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The Unbearable Heaviness of Artists
By Chris Colcord
Fort Wayne Reader
If you live long enough, it's inevitable that someone you once knew will end up famous, and if you're a shallow name-dropper like me, you can use this information to impress the starry-eyed and celebrity mad for a little instant status. At a party last year, I casually mentioned that I once had a date with a girl who went on to become a known soap-opera actress; more significantly, at least to the nerd populace I was addressing, she had a major role in Sam Raimi's horror/kitsch classic Evil Dead 2. (For the cinephiles out there, I'll give the esoteric specific: she caught the eyeball.) It's tacky to admit to such petty bragging, but I couldn't help noticing the surprised looks from the party goers, and I could feel that their esteem for me increased by a perceptible degree. The host of the party owned the Evil Dead trilogy and he knew exactly who I was referring to.
Most people have a similar story, either a "I knew them when" or a chance encounter at a grocery store or airport. It's amazing that these stories never get old, that people always want to hear about run-ins with the rich and famous (or semi-famous.) It's a tribute to our country, I think, that America is still the world's leading exporter of A-level (and Z-level) celebrities. While Europe and India and Asia have made major strides in automobiles, high-tech industries and finance, nobody holds a candle to us with regards to pop-culture personalities.
I had a run-in with an imported celebrity at Sundance in 2007 that made me reflect on the nature of artists and their untrammeled ambition to earn a spot in the public's consciousness. It was at an Internet industry house party that a friend of mine was having, and there were a lot of publicists and networkers there, all trying to make connections for upcoming deals.
The night's entertainment was a performance by a Scottish singer/songwriter, and the twenty of us gathered the overstuffed chairs in a circle and watched the guitarist play an abbreviated set of his acoustic work. I had no idea who the guy was — I thought he was just somebody pulled off the street — but found out later he was sort of a big deal, a major-label discovery who had a couple of songs featured in various American television shows and commercials. Anyway. He played an earnest, "beard rock" set that I've never cared for, but his voice was pleasant and one of the songs reminded me of a great Fairport Convention tune. Afterward, I talked with him, complimented him on his set (I was lying), and then mentioned that I thought one of his songs reminded me a little of Richard Thompson.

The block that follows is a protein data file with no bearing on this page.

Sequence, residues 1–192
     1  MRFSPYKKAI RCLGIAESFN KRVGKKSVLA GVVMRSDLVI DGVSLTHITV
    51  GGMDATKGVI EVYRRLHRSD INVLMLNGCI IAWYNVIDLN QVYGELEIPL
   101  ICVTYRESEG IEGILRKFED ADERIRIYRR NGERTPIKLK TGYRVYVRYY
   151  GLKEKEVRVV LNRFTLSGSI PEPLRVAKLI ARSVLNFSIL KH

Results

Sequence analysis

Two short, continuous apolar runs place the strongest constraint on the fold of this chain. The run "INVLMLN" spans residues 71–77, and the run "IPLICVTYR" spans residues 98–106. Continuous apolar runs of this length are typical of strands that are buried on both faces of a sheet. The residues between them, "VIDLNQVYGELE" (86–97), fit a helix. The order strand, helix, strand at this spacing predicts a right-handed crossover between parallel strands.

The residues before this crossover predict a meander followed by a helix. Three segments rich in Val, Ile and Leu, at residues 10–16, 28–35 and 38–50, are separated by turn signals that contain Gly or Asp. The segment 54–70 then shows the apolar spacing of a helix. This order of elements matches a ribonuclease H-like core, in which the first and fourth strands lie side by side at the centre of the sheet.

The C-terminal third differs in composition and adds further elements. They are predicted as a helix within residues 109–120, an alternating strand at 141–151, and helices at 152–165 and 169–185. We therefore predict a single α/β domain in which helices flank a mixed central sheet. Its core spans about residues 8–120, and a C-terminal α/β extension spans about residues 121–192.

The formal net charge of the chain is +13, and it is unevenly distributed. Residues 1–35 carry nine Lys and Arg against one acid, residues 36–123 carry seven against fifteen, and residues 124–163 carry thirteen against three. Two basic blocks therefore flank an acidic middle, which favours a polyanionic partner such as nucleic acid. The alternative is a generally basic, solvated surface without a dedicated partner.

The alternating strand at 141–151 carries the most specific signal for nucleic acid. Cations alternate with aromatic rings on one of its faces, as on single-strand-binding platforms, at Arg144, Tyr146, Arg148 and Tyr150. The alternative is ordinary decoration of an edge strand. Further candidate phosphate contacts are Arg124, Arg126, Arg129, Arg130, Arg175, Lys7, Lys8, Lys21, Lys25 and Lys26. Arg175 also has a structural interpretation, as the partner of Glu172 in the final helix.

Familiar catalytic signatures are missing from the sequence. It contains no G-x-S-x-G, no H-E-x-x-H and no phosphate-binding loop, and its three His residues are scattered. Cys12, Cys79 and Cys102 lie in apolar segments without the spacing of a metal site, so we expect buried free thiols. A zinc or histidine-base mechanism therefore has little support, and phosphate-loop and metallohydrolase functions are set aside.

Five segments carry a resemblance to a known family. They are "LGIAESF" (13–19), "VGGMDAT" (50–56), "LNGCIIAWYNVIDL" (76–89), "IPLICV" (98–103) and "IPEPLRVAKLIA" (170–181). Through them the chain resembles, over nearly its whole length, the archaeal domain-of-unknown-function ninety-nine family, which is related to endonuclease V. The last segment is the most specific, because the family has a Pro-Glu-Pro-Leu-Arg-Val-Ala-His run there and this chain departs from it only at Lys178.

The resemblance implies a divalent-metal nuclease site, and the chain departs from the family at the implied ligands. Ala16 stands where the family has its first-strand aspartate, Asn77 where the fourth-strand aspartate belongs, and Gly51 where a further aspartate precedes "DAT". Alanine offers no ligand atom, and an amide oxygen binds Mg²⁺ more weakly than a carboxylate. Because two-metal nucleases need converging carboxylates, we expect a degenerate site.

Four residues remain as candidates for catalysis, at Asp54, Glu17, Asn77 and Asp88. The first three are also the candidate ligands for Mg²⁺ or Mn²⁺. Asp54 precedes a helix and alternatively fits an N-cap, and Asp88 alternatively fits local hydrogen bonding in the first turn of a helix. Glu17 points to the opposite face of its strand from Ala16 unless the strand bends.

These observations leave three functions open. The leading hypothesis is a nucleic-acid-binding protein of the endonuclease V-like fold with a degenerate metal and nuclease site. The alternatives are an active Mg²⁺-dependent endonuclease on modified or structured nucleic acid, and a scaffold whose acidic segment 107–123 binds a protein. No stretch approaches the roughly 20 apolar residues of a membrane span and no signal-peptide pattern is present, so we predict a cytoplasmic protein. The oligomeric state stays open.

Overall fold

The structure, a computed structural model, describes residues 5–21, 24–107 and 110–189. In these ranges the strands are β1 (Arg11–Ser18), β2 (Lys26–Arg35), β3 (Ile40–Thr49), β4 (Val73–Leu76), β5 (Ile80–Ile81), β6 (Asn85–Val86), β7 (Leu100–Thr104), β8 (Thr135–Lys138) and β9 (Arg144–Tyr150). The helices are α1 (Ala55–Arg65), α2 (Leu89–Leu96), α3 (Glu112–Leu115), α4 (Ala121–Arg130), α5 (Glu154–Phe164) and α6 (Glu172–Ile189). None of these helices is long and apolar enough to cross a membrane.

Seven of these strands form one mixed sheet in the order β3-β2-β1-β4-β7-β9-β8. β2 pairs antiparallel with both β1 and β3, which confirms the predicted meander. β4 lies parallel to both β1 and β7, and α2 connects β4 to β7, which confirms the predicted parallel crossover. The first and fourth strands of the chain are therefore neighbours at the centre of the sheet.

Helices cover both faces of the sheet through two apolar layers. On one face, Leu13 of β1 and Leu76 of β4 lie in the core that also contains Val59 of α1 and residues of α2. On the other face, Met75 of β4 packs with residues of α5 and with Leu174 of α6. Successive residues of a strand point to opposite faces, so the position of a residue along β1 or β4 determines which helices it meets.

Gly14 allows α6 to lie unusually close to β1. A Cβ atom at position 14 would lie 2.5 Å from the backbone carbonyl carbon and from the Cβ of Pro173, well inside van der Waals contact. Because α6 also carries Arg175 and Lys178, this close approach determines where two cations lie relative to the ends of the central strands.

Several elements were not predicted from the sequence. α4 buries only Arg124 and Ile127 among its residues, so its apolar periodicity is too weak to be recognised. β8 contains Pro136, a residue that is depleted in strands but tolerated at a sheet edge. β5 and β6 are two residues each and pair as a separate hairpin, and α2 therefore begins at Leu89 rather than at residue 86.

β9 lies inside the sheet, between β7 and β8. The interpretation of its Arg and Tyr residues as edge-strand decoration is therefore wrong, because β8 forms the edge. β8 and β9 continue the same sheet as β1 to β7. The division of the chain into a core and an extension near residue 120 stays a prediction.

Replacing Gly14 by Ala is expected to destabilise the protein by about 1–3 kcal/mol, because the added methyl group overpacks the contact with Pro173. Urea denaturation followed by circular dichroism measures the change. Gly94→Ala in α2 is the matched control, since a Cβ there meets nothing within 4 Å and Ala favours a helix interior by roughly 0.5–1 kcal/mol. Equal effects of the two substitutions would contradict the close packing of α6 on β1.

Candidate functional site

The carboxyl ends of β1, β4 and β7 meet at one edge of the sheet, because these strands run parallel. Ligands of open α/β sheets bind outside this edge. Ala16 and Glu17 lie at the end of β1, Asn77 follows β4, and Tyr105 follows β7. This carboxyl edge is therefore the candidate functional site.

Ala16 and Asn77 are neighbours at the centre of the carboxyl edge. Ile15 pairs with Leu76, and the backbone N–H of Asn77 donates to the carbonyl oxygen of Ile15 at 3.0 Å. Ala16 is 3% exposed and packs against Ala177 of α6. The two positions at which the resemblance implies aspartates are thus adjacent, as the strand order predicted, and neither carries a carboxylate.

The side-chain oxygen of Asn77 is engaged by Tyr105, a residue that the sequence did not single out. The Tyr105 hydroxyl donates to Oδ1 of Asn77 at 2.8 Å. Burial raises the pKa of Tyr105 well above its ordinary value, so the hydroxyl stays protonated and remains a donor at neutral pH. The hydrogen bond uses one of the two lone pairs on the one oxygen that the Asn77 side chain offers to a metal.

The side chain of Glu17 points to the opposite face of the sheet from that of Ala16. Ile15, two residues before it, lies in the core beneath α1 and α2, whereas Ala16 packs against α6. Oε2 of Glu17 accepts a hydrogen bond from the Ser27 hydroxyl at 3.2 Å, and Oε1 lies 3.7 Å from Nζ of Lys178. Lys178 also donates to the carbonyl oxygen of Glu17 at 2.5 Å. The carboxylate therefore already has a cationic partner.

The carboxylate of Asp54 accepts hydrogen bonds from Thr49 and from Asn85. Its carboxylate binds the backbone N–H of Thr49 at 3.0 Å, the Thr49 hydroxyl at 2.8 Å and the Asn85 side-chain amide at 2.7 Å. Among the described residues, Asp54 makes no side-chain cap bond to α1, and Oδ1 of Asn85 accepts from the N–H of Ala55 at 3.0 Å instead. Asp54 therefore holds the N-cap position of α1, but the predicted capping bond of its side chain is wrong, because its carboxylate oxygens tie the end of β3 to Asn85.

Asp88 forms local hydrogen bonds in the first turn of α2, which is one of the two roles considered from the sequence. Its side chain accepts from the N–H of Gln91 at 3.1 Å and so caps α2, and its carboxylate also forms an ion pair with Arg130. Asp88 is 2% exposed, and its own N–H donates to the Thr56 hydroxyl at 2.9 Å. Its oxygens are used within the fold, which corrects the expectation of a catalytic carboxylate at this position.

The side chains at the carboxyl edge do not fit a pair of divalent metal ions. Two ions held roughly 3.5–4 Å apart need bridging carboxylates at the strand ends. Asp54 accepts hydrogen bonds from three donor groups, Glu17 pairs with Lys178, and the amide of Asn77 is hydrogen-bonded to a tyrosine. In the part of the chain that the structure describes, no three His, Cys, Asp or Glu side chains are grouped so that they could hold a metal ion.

Well! I might as well have called his mother a prostitute. Offended, he told me he'd never heard of Richard Thompson, that he only used his homeland as inspiration. His music was totally organic, he told me, totally unique, and absolutely unsullied by any known influence. It was if he sprouted from the Highlands themselves, a naked son born of the thistle and the heather, with an acoustic guitar instead of a pacifier laying in the grass next to him.
I didn't challenge him, but this was patently ridiculous — a U.K. singer/songwriter who doesn't know Richard Thompson is like a rocket scientist who has never heard of Werner von Braun. But he was fervent about the purity of his artistry.
As an artist and as a guy who has mostly artistic friends, I recognized the need for the performer to have a bit of tunnel-vision with regards to his own work. But the righteousness of his response made me realize how unbearable artists can be. Everybody thinks he's James Joyce, forging the consciousness of his race in the smithy of his soul. I made the mistake of once comparing a local singer to Neil Young, and had to endure and extended musician-lecture about the vast differences between the two performers. You'd think that such a comparison would be a compliment — Neil Young's not too bad, you know — but the aggrieved party ridiculed me for such and outlandish claim. Yet even a casual listener would make the connection. The guy sounds like Neil Young.
It's worth mentioning to all the would-be celebrities out there that admitting influences doesn't automatically de-value the originality of your work. Keith Richards makes no excuses for stealing all of Chuck Berry's licks, and Bertolt Brecht was proud of the wide-ranging sources he incorporated into his specific vision of theatre. When I re-read my own work, it's obvious that the writings of Pauline Kael, Lester Bangs, Joe Queenan, and Anthony Lane figured prominently on my style, and what's wrong with that? I'll never be as good but there's no sin in admitting to inspirations. As another influential writer once said, bad writers imitate. The good ones steal.